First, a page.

Let’s talk about grocery shopping in the time of COVID-19.
I believe food feeds not just the body, but also the soul. How we procure ingredients, how we prepare them, and how we share them, says so much about who we are, individually and collectively.
(Speaking of who we are, this is a great time, if you’re in a position to help, to donate money to your local food bank, soup kitchen, church, or organization that feeds people. Food insecurity was a problem before COVID-19, and the financial and social impacts of COVID-19 have significantly increased the number of people who need help accessing healthy food. If you are able, please consider donating.)
I am, without a doubt, a “foodie.” I love food. But what does that mean in the time of COVID-19?
There are options available for people who need groceries. Lots of stores are offering delivery and curb-side pick-up, there are designated shopping times for people more at risk of COVID-19 complications, and here in Olympia, the Farmer’s Market has developed new guidelines to help people stay safe while shopping.
Options aside, I’m sure I’m not the only one who put off and dreaded the inevitable Costco run.
(Well, maybe I dreaded it a teensy bit more than some other people: I don’t do well in crowds and, even before we were ordered to Stay Home, Stay Healthy, I was a boring home-body who preferred not to venture out unless it was absolutely necessary.)
I spent these first weeks with Stay Home, Stay Healthy being as creative as possible with the ingredients in our pantry and freezer. I even made flour out of old fashioned oats and used the last of my chocolate chips for cookies.
(Now is not the time to drive all over town looking for a single ingredient you don’t have or can’t find. Here are a couple of links if you’re looking for ways to stretch/substitute your ingredients: DIY Pantry Recipes and What to Bake When You Run Out of Ingredients.)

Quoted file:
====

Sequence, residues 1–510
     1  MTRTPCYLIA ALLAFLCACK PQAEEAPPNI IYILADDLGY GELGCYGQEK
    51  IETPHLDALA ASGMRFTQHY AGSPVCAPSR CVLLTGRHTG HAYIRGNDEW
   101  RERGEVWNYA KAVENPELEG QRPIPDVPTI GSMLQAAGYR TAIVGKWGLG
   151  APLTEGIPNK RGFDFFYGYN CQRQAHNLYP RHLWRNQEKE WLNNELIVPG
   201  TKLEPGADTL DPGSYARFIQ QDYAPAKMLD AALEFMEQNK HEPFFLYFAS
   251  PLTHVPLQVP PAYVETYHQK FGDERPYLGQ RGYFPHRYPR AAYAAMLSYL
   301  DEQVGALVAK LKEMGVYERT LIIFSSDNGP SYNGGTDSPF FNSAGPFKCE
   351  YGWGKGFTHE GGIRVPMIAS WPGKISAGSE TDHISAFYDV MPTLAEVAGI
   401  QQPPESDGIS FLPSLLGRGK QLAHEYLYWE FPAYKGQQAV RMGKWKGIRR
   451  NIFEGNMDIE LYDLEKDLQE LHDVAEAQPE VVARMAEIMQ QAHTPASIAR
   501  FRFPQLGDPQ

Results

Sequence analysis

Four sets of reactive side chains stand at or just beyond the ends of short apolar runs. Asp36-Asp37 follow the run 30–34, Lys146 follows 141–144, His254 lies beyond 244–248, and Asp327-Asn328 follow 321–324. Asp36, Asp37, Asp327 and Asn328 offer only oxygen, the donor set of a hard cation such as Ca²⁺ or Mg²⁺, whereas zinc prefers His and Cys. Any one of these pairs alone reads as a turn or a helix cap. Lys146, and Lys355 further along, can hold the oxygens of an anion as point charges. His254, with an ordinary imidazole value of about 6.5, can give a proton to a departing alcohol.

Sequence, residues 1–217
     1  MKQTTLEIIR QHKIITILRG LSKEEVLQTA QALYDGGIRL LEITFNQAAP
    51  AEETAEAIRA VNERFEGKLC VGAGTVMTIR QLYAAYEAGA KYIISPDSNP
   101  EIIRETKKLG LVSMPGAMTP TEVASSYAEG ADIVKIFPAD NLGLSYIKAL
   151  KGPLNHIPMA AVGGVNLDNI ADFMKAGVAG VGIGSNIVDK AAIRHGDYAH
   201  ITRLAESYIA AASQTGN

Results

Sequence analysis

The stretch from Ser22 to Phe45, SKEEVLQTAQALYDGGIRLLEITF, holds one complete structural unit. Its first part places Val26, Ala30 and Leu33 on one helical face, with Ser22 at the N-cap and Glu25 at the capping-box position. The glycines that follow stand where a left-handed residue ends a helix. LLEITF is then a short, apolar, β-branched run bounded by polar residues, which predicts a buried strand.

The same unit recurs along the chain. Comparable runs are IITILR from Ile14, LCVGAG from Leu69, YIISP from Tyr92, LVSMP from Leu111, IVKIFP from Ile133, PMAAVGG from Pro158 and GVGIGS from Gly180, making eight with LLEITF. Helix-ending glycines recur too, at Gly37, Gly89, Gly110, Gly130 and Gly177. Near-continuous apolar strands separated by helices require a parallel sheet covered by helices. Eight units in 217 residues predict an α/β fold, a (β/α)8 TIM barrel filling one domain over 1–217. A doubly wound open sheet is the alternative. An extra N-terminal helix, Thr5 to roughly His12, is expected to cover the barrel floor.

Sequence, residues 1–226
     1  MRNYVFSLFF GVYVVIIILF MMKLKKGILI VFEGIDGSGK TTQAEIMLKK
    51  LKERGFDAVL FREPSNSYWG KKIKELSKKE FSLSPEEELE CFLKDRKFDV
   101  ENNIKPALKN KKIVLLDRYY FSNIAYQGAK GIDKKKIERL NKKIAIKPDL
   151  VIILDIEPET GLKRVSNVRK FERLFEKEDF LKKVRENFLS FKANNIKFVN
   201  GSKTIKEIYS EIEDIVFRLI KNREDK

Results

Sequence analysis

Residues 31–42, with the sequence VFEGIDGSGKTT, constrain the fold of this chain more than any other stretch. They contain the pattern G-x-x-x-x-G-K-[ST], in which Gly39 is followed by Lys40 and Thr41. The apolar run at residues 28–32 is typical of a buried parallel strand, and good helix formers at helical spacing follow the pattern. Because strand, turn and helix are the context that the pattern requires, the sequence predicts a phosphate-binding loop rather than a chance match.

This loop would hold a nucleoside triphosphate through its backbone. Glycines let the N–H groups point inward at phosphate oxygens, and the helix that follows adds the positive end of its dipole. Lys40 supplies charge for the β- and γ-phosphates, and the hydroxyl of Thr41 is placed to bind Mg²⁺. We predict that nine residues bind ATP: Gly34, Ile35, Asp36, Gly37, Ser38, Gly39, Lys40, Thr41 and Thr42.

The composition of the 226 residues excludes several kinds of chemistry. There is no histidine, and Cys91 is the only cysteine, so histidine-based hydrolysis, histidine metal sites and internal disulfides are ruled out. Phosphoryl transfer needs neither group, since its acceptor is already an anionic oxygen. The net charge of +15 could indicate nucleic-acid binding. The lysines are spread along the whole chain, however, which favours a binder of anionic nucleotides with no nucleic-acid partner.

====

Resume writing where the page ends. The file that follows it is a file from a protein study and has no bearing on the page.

But eventually, even the most creative substitution and cooking can’t make up for an empty freezer and pantry. And when I say “empty,” I’m not being figurative or exaggerating. Last week, I threw everything we had left in the freezer into a pot of “Leftover Soup” (my children were not nearly as impressed with that recipe of resourcefulness as they were the oat flour chocolate chip cookies). We ate a final, sad dinner comprised of frozen fish and canned pumpkin before acknowledging that yes, it was time to restock. So bright and early Saturday morning, we braved Costco.
After hearing countless horror stories about long lines (more on that in a second, but spoiler: YES! It’s true!), we decided to get there really early, at 8:00am for the 9:30am Saturday store-opening. We bundled up, brought chairs and reading materials, and were ready to wait for Costco to open. We were surprised to discover we were not the first people there. (Admittedly, with our chairs and books, lots of people waiting in line with us commented that we may not have been first, but we were the most prepared.)